In "Reading Over Your Shoulder," a March 9 article by staff writer David Mehegan, the Boston Globe provided readers with a clear picture of efforts to amend Section 215 of the USA Patriot Act by a broad spectrum of groups that spans the left and the right.
"The push is on to shelve part of the Patriot Act," the article stated, pointing out that "253 cities and towns across the country have passed nonbinding resolutions expressing opposition to [Section 215]" and that discontent about Section 215 "flamed up last month when the American Booksellers Association, the American Library Association, and the writers group PEN American Center announced a drive to collect a million signatures in support of several bills pending in Congress to amend the law."
"The campaign is supported by a who's-who of publishers, booksellers, and library organizations," the article noted, "including the Barnes & Noble and Borders bookstore chains, publishers Random House and Simon & Schuster, the American Association of Law Libraries, and the Authors Guild."
And while it might be expected that the American Civil Liberties Union would join the cause, the article noted that a number of conservative groups also oppose Section 215. Among those calling for an amendment of Section 215 are the American Conservative Union, Americans for Tax Reform, Gun Owners of America, Phyllis Schlafly's Eagle Forum, and Paul M. Weyrich's Free Congress Foundation.
According to the article, "in a survey last fall of 465 public and 120 private libraries in Illinois by the Library Research Center, seven public libraries reported that they had received requests for information about patrons or circulation records from the FBI, and 17 said other requests came from police or other agencies. Eight said the reason given for the requests was a national security investigation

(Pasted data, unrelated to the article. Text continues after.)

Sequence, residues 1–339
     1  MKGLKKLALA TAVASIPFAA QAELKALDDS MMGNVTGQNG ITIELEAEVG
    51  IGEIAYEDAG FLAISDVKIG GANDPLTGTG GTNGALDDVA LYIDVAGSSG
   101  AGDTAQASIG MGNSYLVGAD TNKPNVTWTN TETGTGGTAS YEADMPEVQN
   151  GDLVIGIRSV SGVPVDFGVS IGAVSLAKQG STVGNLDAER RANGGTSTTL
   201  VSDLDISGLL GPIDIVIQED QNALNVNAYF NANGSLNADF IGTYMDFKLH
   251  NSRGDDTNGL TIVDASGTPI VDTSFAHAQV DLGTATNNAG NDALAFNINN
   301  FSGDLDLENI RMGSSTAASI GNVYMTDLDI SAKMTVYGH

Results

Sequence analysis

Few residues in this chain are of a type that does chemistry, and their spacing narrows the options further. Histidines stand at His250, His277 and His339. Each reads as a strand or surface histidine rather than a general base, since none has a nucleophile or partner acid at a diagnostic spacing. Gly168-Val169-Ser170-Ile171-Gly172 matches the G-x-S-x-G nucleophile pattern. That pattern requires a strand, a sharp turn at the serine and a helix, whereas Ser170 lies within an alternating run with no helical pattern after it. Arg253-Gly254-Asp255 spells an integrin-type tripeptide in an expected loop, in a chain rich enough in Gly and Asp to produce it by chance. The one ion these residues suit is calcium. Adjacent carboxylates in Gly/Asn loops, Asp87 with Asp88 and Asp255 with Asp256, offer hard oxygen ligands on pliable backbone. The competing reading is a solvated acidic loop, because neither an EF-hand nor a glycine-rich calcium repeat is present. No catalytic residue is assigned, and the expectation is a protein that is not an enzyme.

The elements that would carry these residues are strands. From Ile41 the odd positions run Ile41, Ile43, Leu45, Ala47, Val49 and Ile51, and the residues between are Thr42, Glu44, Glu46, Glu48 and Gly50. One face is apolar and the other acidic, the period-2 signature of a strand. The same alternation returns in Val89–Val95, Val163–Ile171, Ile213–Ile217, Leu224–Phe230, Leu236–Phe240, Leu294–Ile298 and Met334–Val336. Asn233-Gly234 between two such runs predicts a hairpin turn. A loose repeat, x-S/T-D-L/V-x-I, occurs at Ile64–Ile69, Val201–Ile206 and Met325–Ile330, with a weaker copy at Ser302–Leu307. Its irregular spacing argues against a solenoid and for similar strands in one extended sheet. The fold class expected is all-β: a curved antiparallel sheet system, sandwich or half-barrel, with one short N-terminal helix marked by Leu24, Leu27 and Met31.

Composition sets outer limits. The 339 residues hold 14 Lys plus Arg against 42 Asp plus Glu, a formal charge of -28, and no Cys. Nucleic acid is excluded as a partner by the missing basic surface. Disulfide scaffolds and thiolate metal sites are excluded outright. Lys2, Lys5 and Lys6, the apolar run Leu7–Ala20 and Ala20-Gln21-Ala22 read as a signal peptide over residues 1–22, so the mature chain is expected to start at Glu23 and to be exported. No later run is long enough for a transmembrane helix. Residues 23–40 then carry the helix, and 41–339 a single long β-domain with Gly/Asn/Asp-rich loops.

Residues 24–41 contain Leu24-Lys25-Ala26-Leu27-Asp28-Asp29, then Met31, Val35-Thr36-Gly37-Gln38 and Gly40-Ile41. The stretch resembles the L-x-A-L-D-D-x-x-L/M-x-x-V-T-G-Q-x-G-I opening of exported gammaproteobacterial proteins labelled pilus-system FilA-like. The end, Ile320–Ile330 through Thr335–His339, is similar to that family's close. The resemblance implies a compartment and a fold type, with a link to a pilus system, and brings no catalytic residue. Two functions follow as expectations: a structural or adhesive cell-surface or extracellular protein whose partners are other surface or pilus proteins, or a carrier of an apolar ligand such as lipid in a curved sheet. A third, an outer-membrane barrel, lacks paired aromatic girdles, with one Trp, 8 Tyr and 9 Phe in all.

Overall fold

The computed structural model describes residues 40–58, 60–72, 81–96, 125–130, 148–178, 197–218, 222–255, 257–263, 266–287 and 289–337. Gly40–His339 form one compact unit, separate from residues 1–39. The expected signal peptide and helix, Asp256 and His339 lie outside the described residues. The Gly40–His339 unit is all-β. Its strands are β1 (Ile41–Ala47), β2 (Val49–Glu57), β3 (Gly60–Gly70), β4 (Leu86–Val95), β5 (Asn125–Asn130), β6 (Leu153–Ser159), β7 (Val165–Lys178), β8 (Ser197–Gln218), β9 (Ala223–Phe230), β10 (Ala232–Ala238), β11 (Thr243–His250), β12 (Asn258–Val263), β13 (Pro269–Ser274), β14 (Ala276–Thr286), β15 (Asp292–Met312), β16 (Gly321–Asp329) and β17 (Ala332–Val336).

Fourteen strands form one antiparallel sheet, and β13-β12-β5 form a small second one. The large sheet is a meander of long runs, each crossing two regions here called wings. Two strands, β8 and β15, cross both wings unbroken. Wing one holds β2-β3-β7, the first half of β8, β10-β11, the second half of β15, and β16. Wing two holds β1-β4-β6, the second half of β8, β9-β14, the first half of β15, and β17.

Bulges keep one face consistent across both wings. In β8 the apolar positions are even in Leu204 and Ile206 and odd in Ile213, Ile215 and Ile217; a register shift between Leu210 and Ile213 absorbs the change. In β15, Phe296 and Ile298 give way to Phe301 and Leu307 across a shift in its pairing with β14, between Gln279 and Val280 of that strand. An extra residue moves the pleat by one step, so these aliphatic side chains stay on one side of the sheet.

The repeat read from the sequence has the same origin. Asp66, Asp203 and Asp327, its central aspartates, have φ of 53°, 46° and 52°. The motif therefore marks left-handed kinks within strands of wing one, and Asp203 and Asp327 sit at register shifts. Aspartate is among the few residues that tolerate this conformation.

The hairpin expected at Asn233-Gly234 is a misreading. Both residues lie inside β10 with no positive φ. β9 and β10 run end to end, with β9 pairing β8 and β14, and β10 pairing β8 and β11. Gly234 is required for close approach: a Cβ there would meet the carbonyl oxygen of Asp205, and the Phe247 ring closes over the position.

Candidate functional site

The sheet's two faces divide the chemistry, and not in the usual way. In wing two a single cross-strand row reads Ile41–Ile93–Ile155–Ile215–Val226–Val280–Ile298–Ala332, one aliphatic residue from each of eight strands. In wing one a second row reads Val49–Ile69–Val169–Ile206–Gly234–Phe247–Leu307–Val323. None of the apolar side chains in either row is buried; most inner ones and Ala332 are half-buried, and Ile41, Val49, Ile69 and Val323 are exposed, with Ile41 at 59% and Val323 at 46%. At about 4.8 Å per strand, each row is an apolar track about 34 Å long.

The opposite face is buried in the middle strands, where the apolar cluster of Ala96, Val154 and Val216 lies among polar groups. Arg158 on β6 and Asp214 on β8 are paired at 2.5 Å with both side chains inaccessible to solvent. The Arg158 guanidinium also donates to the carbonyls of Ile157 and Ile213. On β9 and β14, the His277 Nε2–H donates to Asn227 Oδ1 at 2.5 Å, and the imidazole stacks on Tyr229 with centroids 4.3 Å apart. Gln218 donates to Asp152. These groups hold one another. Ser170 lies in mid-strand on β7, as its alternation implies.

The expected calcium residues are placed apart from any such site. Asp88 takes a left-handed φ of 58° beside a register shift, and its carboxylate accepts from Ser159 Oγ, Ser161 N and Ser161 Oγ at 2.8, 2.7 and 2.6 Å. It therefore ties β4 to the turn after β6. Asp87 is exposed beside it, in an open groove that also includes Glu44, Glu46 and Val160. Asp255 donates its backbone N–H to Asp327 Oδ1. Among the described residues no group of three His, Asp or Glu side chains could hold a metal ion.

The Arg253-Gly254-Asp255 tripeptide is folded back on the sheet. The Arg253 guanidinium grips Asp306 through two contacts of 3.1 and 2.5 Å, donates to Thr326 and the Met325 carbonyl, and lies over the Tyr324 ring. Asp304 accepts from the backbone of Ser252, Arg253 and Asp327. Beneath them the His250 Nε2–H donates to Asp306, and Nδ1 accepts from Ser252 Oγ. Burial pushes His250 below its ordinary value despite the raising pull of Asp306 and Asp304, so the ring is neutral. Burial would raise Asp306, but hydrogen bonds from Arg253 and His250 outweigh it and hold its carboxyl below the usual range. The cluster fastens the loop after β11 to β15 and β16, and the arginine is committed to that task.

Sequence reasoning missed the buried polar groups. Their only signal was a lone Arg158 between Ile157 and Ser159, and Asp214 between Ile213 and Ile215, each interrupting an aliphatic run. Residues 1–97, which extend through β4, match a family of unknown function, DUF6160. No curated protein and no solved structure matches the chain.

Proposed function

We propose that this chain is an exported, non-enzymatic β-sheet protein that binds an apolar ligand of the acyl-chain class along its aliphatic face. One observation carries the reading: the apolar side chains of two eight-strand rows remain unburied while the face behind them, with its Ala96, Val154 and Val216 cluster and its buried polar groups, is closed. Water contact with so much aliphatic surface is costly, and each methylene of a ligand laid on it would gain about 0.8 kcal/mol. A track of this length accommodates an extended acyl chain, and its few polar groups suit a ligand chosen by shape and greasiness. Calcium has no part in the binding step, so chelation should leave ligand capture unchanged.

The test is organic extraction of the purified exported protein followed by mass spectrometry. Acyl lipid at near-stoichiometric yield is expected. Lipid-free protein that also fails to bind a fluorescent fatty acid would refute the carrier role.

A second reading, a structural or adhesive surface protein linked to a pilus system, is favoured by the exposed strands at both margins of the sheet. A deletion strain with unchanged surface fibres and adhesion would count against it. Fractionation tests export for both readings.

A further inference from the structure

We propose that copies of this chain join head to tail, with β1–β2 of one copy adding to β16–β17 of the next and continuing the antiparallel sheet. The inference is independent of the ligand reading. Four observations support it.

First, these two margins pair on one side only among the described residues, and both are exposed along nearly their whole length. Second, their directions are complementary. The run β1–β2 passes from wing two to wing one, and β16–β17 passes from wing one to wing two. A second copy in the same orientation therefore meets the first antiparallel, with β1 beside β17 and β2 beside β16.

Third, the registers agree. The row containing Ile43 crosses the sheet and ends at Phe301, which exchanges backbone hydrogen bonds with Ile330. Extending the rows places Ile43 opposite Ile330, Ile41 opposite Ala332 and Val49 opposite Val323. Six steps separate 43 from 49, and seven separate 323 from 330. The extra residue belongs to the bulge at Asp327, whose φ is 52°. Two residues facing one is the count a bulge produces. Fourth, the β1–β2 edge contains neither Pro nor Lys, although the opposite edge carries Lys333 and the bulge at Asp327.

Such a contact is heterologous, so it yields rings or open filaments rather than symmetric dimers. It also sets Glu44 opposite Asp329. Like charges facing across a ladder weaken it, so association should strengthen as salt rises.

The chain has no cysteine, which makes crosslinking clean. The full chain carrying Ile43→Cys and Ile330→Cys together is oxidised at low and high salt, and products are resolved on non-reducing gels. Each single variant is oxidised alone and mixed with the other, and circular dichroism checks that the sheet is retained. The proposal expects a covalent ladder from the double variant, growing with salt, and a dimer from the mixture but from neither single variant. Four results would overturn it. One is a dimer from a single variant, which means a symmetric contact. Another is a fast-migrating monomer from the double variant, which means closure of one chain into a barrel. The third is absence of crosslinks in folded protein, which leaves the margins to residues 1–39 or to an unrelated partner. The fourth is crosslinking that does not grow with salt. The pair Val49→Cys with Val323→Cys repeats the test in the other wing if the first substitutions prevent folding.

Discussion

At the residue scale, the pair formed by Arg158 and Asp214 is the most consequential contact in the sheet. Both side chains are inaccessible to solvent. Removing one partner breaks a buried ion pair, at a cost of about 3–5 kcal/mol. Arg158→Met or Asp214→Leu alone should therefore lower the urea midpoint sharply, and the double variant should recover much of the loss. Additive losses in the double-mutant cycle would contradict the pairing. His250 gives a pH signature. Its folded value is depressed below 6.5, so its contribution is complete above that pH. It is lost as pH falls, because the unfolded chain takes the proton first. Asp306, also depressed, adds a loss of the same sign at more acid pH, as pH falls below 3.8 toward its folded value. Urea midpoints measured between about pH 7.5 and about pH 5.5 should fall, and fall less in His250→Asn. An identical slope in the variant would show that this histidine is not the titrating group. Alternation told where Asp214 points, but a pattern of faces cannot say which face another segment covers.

. Though the survey did not ask whether a Section 215 order had been presented, 14 libraries declined to answer some survey questions for fear of violating the law. When asked whether they agree with the American Library Association's 2003 statement that Section 215 is 'a present danger to the constitutional rights and privacy rights of library users,' 90 percent of public libraries and 95 percent of private libraries said yes."
The Globe spoke to Philip B. Heymann, professor at Harvard Law School and former deputy attorney general in the Clinton administration, who was quoted in the article as saying that regarding access to records, there are always two concerns: "One is that government will use the information for the wrong purpose, particularly a political one. The other concern is that even if government is as pure as Mother Teresa, people are going to be inhibited in their activities. They will fear that the dirty book they take out will become a government record."
To read the Boston Globe article in full, go to the Globe Web site at www.boston.com/ae/books/articles/2004/03/09/reading_over_your_shoulder/.
For more about the Campaign for Reader Privacy, click here.